True History Of Pakistan
INDIA THAT IS BHARAT
What is history? It depends. On what? Of course, on which history books you read. And this is precisely where Satiricus’s knowledge of history is pitiably poor. Clearly, he must have read the wrong history books. Still more clearly, he must not have read the right books. How else was it possible that for Satiricus the history of India three thousand years ago was a golden age of progress and prosperity, while for Rahul Gandhi it was a period of a hopelessly Hindu rate of growth of poverty? Obviously, where Satiricus went wrong was that while Rahul Gandhi read history, Satiricus read itihasa. This Sanskrit word for history means “it so happened”. Isn’t that unnecessarily narrow minded? For why should history limit itself to only what happened rather than what should have or may have happened? And even if we accept that history means only what happened, why must we be so ridiculously rigid as to say that a certain history happened at a certain time?
An illustrious illustration of this confusion worse confounded in our Bhartiya bird-brains is the history of Pakistan. Take, for instance, the starting question: When did Pakistan come into existence? In 1947, right? Wrong. That is idiotic Indian ignorance. The Pakistanis know better, because the history textbooks prepared by the Government of Pakistan for their schools and colleges reveal delightfully different details of history. According to these officially certified history books believe it or not, oh, ye, Indian idiots! Muhammad bin Qasim was “the First Pakistani Citizen”! You think only stupid Satiricus would say so? Well, Satiricus is not the Government of Pakistan, which authoritatively asserts: “As a matter of fact, Pakistan came to be established for the first time when the Arabs led by Muhammad bin Qasim occupied Sindh.” Well now, when Satiricus came to his senses after a dizzy fit he found that Qasim was here in 712 AD, which means he established Pakistan 1400 years ago, not just 66 years ago. Not content with giving this historic historical detail the Pakistani textbooks even add a geographical detail for the education of Pakistani children as also for the edification of Indian ignoramuses like yours truly by adding: “Pakistan under the Arabs comprised the Lower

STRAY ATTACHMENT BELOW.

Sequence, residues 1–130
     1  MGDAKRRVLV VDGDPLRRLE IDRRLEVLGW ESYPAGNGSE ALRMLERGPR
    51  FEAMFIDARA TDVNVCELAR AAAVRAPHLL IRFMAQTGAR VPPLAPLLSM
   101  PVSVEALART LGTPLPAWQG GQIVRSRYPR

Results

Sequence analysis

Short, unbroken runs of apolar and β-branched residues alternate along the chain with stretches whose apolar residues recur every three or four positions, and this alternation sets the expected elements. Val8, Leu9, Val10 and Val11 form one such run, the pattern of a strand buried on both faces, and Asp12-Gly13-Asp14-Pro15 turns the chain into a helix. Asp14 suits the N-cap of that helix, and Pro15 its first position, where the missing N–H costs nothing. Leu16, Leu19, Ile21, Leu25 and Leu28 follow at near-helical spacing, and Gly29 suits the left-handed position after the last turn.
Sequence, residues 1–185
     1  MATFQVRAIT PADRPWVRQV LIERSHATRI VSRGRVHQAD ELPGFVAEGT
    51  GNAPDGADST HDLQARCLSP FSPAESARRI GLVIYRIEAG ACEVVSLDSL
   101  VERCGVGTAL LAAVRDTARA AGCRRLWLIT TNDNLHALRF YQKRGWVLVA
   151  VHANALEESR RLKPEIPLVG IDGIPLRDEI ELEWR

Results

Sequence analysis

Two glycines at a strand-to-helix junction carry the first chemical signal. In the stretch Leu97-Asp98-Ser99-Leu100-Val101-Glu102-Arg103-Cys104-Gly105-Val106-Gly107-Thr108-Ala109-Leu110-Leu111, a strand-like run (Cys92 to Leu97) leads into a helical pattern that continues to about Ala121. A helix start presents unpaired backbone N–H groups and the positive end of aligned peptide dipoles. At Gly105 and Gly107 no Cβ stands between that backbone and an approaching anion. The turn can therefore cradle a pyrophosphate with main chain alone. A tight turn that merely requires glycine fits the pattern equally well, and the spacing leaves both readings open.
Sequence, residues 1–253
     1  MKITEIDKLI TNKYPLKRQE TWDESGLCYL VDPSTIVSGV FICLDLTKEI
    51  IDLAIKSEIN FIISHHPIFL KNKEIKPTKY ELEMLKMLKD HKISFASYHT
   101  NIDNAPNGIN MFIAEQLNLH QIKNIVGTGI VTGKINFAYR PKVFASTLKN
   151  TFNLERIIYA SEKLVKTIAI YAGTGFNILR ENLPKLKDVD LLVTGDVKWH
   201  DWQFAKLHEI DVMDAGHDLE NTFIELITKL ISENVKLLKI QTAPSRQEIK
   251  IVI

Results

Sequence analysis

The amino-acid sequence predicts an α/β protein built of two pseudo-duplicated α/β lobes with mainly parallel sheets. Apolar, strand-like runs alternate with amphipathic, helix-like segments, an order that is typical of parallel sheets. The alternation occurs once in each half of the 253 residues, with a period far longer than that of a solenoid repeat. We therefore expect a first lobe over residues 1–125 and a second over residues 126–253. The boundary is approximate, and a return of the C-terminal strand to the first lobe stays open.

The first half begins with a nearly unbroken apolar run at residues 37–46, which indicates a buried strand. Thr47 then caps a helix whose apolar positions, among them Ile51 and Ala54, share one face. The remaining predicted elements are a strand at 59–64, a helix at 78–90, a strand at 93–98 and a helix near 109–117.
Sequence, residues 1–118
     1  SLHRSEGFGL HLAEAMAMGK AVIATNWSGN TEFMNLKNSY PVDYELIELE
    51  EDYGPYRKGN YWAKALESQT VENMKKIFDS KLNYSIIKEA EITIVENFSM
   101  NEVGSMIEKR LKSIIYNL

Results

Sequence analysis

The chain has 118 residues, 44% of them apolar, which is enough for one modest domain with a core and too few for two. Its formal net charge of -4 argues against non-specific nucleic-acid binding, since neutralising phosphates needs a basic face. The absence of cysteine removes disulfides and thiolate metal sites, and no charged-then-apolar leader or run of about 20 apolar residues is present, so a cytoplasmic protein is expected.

See? Satiricus knew about an Indus Valley Civilization, but all along he was labouring under the moronic misapprehension that it was a Vedic civilization, which was naturally a na-pak civilization. He never knew there was an Indus Valley Pakistani Civilization. Neither does he know how splendidly it grew from century to century after this First Pakistani Citizen laid its foundation in the beginning of the 8th century. That continuous growth, in a neat nutshell, is as follows: During the 11th century the Ghaznavid empire comprised what is now Pakistan and Afghanistan. During the 12th century the Ghaznavids lost Afghanistan and their rule came to be confined to Pakistan. By the 13th century Pakistan had spread to include the whole of northern India and Bengal. Under the Khiljis Pakistan moved further southward to include a greater part of Central India and the Deccan. During the 16th century Hindustan disappeared and was completely absorbed in Pakistan! Under Aurangzeb the Pakistan Spirit gathered its strength. The shape of Pakistan in the 18th century was more or less the same as it was under the Ghaznavids in the 11th century. Thus, to conclude the official Pakistani history of Pakistan, although Pakistan was created in August 1947, as stupid Satiricus supposed, yet except for its name the present-day Pakistan has existed, more or less as a single unit, for centuries. Wait, wait! Did Satiricus say centuries? Wrong. For the texts say, for more than a millennium Muslims of the (Indian) sub-continent as well as those living beyond have striven to create Pakistan. Sorry, sorry! Wrong again! If Satiricus is to believe it as the Believers are taught to believe Pakistan has been the aim of all Muslims from times immemorial. What does Satiricus say to that? He is too dumbstruck to say anything.
What the devil! Satiricus thought the new pope Francis, head of the world’s Christians, would be more concerned with God in Heaven and his Son Jesus Christ. But if a recent report is to be believed, “Francis is obsessed with the devil, a frequent subject of his homilies.” As if this is not strange enough, Pope Francis is not only verbally obsessed with the Devil, he even fights him by way of exorcism. For that was what he was doing when newspaper pictures recently showed him placing his hands on a man’s head. Was that exorcism or not? The answer seems to be yes and no. For the Vatican cautiously said Francis “didn’t intend to perform any exorcism, only to pray.” The TV station of the Italian Bishops’ conference asserted that Francis “definitely performed an exorcism” to free the man from the devil.” Whatever the truth, the devil lies in the detail, and as the details of Christian theology are beyond the hopelessly Hindu birdbrain he wonders if Pope Francis is a man of God or is balefully bedevilled.